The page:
Tax will always be a political football, and in recent times, those fortunate enough to be considered non-doms will have felt like they have been kicked around more often than most – and sadly (for them) by the opposition team.
First we had the significant changes in April 2008 that had the effect of substantially widening the definition of what constitutes a remittance, whilst at the same time introducing a fee of £30,000 for using the remittance basis to protect un-remitted non-UK income and gains from UK tax. At the time this was a very popular move. The fee only kicked in after the non-dom had been tax resident in the UK for 7 of the last 9 tax years but that still caught a very large number of people. The major fallout though was mostly compliance-based as it simply required their UK accountant to do more work to declare what was almost always modest income or gains arising overseas. In more recent years, the Government has increased the remittance basis fee depending on how long a non-dom has been tax resident in the UK so that the fee now stands at £30,000 if they have been tax resident in the UK for more than 7 of the last 9 tax years, £60,000 if they have been resident for more than 12 of the last 14 years and £90,000 for those tax resident for more than 17 out of the last 20 years.
Earlier this month, Ed Miliband announced that, should Labour win the next election, they would abolish the non-dom status – which was amusing given that his would-be chancellor, Ed Balls, had, a month or so prior to this statement, said that it would be too costly for the UK to do so. However, whatever the misunderstanding between the left hand and the other left hand, it has made it into the Labour manifesto for the election on 7th May. Should they be successful, the fallout of this measure could affect a vast number of people who, through one structure or another, protect their overseas wealth from UK tax. What must be borne in mind here is that some (not all) of these individuals do employ their skills and their wealth (yes some of them do remit funds and pay tax on them) to benefit the UK economy by investing in enterprise and people here. It is quite clear that if they were not also living here that they may well not do this and prefer instead to invest their time, energy and expertise in whichever county they end up in. It is also worth noting that IHT is based on a person’s domicile and so it would be interesting to see how they would legislate to continue to catch ex-pats within the IHT net if they abolish the concept of domicile altogether.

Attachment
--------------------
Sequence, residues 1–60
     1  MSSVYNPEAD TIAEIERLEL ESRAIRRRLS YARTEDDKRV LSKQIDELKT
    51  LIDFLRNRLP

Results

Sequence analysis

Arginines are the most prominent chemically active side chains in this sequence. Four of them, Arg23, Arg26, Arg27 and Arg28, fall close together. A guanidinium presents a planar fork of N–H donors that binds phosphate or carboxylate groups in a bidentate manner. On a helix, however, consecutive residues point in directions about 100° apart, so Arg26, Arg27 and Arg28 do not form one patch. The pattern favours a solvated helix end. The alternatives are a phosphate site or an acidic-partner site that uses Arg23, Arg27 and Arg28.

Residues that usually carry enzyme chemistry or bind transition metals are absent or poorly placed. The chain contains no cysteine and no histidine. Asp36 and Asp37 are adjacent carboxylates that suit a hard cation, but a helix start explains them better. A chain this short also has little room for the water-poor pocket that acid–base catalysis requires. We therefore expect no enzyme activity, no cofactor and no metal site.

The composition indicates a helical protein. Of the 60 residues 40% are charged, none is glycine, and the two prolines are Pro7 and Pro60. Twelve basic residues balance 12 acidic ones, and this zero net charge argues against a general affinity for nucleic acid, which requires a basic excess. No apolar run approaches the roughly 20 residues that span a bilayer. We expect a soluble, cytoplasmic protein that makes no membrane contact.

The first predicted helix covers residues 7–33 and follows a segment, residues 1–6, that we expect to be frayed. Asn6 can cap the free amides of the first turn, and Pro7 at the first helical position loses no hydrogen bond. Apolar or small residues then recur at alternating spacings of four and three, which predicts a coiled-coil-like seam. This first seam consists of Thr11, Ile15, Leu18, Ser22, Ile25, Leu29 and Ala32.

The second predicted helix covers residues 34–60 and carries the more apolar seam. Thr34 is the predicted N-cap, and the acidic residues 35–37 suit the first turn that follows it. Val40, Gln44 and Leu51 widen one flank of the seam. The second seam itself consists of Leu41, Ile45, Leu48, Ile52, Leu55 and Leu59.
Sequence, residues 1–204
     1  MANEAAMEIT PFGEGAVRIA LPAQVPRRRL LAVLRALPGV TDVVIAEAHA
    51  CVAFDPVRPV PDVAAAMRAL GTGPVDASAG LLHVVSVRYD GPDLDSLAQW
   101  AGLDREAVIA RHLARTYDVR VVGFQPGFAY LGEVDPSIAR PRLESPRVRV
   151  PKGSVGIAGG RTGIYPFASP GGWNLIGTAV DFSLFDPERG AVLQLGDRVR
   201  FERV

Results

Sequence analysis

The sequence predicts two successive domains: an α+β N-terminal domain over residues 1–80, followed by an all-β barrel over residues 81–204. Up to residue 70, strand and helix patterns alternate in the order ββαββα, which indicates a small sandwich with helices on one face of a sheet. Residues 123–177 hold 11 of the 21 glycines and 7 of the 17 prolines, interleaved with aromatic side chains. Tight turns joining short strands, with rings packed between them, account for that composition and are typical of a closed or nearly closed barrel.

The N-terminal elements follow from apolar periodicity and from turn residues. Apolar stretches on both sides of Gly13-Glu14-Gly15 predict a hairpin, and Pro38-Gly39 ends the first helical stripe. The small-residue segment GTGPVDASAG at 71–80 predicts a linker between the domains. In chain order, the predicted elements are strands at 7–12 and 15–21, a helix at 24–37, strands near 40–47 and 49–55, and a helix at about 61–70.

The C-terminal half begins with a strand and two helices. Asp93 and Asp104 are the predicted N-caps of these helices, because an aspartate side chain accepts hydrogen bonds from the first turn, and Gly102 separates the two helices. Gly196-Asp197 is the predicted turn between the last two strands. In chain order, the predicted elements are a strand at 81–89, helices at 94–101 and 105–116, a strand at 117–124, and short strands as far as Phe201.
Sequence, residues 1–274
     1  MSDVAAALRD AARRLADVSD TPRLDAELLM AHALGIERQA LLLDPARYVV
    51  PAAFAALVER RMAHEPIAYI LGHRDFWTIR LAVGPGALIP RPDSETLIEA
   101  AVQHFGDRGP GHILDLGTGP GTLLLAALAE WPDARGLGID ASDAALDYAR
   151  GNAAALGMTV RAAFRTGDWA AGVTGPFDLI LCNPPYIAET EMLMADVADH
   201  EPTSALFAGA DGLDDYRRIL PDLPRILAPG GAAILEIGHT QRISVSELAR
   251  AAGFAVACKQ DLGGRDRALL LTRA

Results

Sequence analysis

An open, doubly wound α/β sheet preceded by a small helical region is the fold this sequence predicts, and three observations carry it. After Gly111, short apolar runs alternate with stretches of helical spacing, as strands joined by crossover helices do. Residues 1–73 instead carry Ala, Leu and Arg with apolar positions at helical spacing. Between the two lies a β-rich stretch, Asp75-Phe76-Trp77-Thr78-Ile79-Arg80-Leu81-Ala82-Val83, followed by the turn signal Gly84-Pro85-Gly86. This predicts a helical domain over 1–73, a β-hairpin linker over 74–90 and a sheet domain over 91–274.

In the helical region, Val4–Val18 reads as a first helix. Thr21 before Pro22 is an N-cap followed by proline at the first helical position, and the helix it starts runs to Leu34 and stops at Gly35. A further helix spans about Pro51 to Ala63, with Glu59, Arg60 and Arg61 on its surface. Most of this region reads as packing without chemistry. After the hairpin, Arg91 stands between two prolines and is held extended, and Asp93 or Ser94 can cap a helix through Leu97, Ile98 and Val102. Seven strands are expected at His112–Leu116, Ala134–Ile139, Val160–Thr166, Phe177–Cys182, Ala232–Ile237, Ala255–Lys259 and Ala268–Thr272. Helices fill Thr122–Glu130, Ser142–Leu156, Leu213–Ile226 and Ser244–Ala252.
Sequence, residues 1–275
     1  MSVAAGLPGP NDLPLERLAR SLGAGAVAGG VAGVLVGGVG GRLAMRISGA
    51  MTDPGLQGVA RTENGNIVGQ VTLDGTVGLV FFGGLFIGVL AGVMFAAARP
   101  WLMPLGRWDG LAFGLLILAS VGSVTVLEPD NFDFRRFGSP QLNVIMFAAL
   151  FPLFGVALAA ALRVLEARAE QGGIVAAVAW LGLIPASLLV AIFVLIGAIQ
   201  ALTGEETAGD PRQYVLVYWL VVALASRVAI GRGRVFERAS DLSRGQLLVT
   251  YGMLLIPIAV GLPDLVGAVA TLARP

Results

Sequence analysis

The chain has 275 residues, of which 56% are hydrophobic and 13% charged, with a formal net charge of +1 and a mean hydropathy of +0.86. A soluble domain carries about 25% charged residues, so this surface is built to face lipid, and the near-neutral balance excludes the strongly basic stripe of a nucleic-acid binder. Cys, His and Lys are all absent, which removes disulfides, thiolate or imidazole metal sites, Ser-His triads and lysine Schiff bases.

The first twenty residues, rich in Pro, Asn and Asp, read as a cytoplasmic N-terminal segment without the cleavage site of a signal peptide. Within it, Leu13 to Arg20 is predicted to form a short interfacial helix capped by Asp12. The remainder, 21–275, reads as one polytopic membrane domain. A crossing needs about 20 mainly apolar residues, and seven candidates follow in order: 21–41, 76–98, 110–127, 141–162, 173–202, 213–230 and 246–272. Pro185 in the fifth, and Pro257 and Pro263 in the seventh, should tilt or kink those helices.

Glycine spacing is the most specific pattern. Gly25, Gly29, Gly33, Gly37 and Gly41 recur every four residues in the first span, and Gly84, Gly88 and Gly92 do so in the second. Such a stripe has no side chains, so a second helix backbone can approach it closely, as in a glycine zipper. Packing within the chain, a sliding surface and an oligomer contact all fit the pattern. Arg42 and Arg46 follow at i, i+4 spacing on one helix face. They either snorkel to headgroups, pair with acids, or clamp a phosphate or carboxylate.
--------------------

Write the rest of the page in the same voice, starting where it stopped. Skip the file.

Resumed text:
We at CBW believe that, instead of getting rid of the non-dom status altogether, should Labour win, they will more likely keep part of the current structure, but make it so that once a person had been tax resident in the UK for more than 17 out of the last 20 tax years, they will be deemed domiciled in the UK (in the same way as a person is for IHT). A further change may be to deem someone domiciled in the UK if they are born here and get rid of the ‘domiciled where your father is from’ clause. However, this could be wishful thinking.
Thomas Adcock is a Tax Partner at chartered accountants Carter Backer Winter LLP. The dedicated tax team at CBW are well known for their expertise within the tax world and are regular commentators and presenters on all areas of tax.
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